Climate and Tax Bill to Rewrite Embattled Black Farmer Relief Program




  • In Politics
  • 2022-08-12 12:08:15Z
  • By The New York Times
Climate and Tax Bill to Rewrite Embattled Black Farmer Relief Program
Climate and Tax Bill to Rewrite Embattled Black Farmer Relief Program  

WASHINGTON - A $4 billion program to help Black and other "socially disadvantaged" farmers that never got off the ground last year amid legal objections will be replaced with a plan to make relief funds available to farmers who have faced discrimination.

The changes, which are tucked into the climate and tax legislation that is known as the Inflation Reduction Act of 2022, are drawing backlash from the farmers whom the original debt relief program, part of the $1.9 trillion American Rescue Plan of 2021, was intended to help. The new program is the latest twist in an 18-month stretch that has underscored the challenges facing the Biden administration's attempts to make racial equity a centerpiece of its economic agenda.

Black farmers have been in limbo for months, not knowing if the debt relief they were promised would be granted. Many invested in new equipment after applying last year for money to help defray their debt. Some received foreclosure notices from the Department of Agriculture this year as the program languished.

The legislation, which passed the Senate this week and is expected to pass the House on Friday, would create two new funds to help farmers. One, at $2.2 billion, would provide financial assistance to farmers, ranchers and forest landowners who faced discrimination before 2021. The other would provide $3.1 billion for the Agriculture Department to make payments for loans or loan modifications to farmers who faced financial distress.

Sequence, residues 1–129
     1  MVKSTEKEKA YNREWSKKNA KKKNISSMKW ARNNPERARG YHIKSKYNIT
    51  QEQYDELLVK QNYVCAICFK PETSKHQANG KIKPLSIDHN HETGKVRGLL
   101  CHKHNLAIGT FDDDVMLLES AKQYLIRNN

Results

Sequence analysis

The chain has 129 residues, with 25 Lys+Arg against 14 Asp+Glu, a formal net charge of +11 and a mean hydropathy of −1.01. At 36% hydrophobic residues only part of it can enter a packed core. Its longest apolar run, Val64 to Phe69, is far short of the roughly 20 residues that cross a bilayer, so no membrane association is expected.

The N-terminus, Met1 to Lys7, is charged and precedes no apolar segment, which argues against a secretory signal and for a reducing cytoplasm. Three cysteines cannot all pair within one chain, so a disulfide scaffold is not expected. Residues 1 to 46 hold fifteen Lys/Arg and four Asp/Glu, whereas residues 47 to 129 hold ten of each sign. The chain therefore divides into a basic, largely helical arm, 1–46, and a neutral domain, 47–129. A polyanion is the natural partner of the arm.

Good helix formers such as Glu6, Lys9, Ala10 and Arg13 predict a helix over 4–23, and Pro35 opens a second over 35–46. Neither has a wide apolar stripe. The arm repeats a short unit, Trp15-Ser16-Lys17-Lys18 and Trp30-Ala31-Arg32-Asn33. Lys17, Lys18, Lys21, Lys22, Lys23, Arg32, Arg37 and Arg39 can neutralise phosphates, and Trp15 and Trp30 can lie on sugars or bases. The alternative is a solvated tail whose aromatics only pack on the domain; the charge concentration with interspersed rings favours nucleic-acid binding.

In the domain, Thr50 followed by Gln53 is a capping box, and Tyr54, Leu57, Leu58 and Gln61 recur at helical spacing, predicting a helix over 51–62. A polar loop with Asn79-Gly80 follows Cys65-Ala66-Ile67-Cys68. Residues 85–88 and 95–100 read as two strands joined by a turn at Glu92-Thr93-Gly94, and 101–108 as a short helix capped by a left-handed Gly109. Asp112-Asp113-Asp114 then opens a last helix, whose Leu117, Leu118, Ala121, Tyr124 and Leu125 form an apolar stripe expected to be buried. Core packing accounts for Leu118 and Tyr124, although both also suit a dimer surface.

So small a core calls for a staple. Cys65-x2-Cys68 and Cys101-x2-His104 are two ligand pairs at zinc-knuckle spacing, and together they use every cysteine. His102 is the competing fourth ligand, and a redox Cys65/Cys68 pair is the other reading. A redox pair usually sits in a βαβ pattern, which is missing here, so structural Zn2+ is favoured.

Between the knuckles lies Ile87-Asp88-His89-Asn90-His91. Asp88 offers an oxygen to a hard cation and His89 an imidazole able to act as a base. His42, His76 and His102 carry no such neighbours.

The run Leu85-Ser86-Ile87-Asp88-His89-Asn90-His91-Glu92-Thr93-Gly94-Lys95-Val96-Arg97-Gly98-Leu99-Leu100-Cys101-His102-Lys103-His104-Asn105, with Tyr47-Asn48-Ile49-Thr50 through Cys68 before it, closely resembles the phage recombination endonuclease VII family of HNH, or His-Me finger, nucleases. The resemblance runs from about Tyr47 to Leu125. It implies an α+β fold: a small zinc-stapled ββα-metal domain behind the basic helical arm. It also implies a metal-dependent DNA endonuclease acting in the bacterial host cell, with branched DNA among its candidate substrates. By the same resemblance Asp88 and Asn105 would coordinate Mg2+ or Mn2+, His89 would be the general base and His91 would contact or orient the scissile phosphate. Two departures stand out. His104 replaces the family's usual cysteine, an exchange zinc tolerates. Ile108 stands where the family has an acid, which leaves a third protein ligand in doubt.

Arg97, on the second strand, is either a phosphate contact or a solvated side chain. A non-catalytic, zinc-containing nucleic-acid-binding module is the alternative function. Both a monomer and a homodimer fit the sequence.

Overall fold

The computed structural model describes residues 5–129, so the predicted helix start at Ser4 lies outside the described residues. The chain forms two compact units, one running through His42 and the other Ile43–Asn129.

The money would replace the $4 billion program that was intended to aid about 15,000 farmers who received loans from the federal government or had bank loans guaranteed by the Agriculture Department. They included farmers and ranchers who had been subject to racial or ethnic prejudice, including those who are Black, American Indian/Alaskan Native, Asian American, Pacific Islander or Hispanic.

Last year's pandemic relief package included an additional $1 billion for outreach to farmers and ranchers of color and for improving their access to land.

White farmers and groups representing them questioned whether the government could base debt relief on race and said the law discriminated against them. The program was frozen as lawsuits worked their way through the courts.

The program also faced resistance from banks, which argued that their profits would suffer if the loans they had made to farmers were suddenly repaid.

Fearful that the program would be blocked entirely, Democrats rewrote the law to remove race from the eligibility requirements. It is not clear how discrimination will be defined, and the legislation appears to give the Agriculture Department broad discretion to distribute the money as it sees fit.

Groups representing Black farmers, who have faced decades of discrimination from banks and the federal government, are disappointed that the money will no longer be reserved specifically for them.

President Joe Biden "went back on his commitment to help Black farmers," said John Boyd, the president of the National Black Farmers Association.

Comparing the situation to the broken promise in the 19th century that former slaves would receive 40 acres and a mule, Boyd added, "Justice doesn't come in alphabetical order in this country. Black is always last."

A class-action lawsuit brought by groups of white farmers against the Agriculture Department has been proceeding in Texas this year, and organizations representing Black farmers expressed dismay that the new measure that Democrats are set to pass all but gives up on a legal battle over whether the government can address America's legacy of racism through legislation.